£20,000
med
Average annual salary
98%
high
Employed or in further education
79%
high
Employed in a role where degree was essential or beneficial

Top job areas of graduates

41%
Business, research and administrative professionals
27%
Business, finance and related associate professionals
13%
Information technology and telecommunications professionals

Over 2,000 students graduated with a degree in finance in 2015, and a sign of the strength of the finance industry, numbers are on the up. Over half of finance graduates go into the finance industry, with accountancy and financial advice roles particularly popular. It's also quite common for finance graduates to go into jobs which require you to take more training and gain professional qualifications — finance graduates who take further study are more likely to be studying accountancy than finance. About a third of graduates start their careers in London - but Glasgow, Manchester and Birmingham are other popular locations for finance graduates to work.

Information systems

What are graduates doing after six months?

This is what graduates told us they were doing (and earning), shortly after completing their course. We've crunched the numbers to show you if these immediate prospects are high, medium or low, compared to those studying this subject/s at other universities.

£24,000
med
Average annual salary
97%
high
Employed or in further education
89%
high
Employed in a role where degree was essential or beneficial

Top job areas of graduates

70%
Information technology and telecommunications professionals
7%
Engineering professionals
4%
Teaching and educational professionals

Information systems courses cover a range of areas, including information design, modelling and the finance industry. How well graduates did made a particular difference in 2015 — computing graduates with good grades were much less likely to be out of work after six months. Most students do get jobs, though, and starting salaries are good — particularly in London, and that’s where over a quarter of graduates started work last year. This is also a good degree to take if you want to follow a technical role in the finance or advertising industry. Many jobs for this degree were found in the larger cities last year and opportunities may be more limited outside those areas.

What about your long term prospects?

Looking further ahead, below is a rough guide for what graduates went on to earn.

Actuarial science

The graph shows median earnings of graduates who achieved a degree in this subject area one, three and five years after graduating from here.

£22k

£22k

£26k

£26k

£31k

£31k

Note: this data only looks at employees (and not those who are self-employed or also studying) and covers a broad sample of graduates and the various paths they've taken, which might not always be a direct result of their degree.

Data management

The graph shows median earnings of graduates who achieved a degree in this subject area one, three and five years after graduating from here.

£24k

£24k

£26k

£26k

£30k

£30k

Note: this data only looks at employees (and not those who are self-employed or also studying) and covers a broad sample of graduates and the various paths they've taken, which might not always be a direct result of their degree.

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This is what the university has told Ucas about the course. Use it to get a quick idea about what makes it unique compared to similar courses, elsewhere.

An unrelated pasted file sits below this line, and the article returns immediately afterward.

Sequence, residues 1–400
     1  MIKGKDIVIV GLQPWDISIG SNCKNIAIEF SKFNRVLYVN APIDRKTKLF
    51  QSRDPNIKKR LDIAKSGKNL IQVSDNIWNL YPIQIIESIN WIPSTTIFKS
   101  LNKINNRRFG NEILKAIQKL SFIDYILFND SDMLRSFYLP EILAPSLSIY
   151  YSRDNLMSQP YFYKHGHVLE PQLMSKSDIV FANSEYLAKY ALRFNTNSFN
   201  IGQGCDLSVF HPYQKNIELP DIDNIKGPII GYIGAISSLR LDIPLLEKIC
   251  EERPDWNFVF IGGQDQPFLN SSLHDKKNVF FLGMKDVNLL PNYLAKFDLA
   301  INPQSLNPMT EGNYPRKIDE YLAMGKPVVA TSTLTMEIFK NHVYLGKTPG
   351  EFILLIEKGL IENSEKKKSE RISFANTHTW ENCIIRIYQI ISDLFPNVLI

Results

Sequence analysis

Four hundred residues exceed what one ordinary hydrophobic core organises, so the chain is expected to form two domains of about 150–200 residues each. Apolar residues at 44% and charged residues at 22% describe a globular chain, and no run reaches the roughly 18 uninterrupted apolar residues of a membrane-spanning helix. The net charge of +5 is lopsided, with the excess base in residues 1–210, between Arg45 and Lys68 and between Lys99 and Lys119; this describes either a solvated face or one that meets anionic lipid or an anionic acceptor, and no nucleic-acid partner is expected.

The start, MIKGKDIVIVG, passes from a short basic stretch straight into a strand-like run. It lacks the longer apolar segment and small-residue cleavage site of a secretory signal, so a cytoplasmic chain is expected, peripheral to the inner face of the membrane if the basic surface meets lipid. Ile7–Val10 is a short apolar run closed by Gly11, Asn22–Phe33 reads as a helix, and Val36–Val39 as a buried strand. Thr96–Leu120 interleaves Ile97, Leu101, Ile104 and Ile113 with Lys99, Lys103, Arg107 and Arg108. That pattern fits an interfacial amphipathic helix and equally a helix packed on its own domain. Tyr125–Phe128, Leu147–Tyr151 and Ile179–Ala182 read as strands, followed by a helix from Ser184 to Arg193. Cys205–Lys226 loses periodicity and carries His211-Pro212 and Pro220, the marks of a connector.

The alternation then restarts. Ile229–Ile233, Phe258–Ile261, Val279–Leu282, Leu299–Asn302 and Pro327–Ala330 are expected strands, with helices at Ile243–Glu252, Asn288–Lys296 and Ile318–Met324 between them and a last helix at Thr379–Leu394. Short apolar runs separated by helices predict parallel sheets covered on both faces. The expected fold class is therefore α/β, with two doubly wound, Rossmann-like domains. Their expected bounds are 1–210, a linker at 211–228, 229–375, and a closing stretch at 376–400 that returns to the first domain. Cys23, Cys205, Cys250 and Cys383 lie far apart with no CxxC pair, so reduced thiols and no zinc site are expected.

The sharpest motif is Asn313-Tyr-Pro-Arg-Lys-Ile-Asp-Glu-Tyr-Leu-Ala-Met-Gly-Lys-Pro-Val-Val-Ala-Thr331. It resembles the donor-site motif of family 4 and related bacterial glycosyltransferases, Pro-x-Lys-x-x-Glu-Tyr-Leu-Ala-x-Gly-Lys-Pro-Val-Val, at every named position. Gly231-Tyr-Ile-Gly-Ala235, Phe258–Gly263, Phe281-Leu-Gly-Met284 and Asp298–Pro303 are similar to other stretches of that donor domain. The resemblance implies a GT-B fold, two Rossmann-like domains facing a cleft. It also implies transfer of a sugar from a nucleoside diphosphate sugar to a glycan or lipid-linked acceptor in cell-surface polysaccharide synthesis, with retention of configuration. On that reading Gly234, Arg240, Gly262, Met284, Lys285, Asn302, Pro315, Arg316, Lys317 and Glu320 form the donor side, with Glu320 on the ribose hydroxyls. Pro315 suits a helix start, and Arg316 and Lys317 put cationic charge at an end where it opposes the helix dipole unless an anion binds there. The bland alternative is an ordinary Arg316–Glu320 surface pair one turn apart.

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Course location and department:

This is what the university has told Ucas about the course. Use it to get a quick idea about what makes it unique compared to similar courses, elsewhere.

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Teaching Excellence Framework (TEF):

We've received this information from the Department for Education, via Ucas. This is how the university as a whole has been rated for its quality of teaching: gold silver or bronze. Note, not all universities have taken part in the TEF.

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This information comes from the National Student Survey, an annual student survey of final-year students. You can use this to see how satisfied students studying this subject area at this university, are (not the individual course).

We calculate a mean rating of all responses to indicate whether this is high, medium or low compared to the same subject area at other universities.

Have a question about this info? Learn more here

This information is from the Higher Education Statistics Agency (HESA).

You can use this to get an idea of who you might share a lecture with and how they progressed in this subject, here. It's also worth comparing typical A-level subjects and grades students achieved with the current course entry requirements; similarities or differences here could indicate how flexible (or not) a university might be.

Have a question about this info? Learn more here

Post-six month graduation stats:

This is from the Destinations of Leavers from Higher Education Survey, based on responses from graduates who studied the same subject area here.

It offers a snapshot of what grads went on to do six months later, what they were earning on average, and whether they felt their degree helped them obtain a 'graduate role'. We calculate a mean rating to indicate if this is high, medium or low compared to other universities.

Have a question about this info? Learn more here

Graduate field commentary:

The Higher Education Careers Services Unit have provided some further context for all graduates in this subject area, including details that numbers alone might not show

Have a question about this info? Learn more here

The Longitudinal Educational Outcomes dataset combines HRMC earnings data with student records from the Higher Education Statistics Agency.

While there are lots of factors at play when it comes to your future earnings, use this as a rough timeline of what graduates in this subject area were earning on average one, three and five years later. Can you see a steady increase in salary, or did grads need some experience under their belt before seeing a nice bump up in their pay packet?

Have a question about this info? Learn more here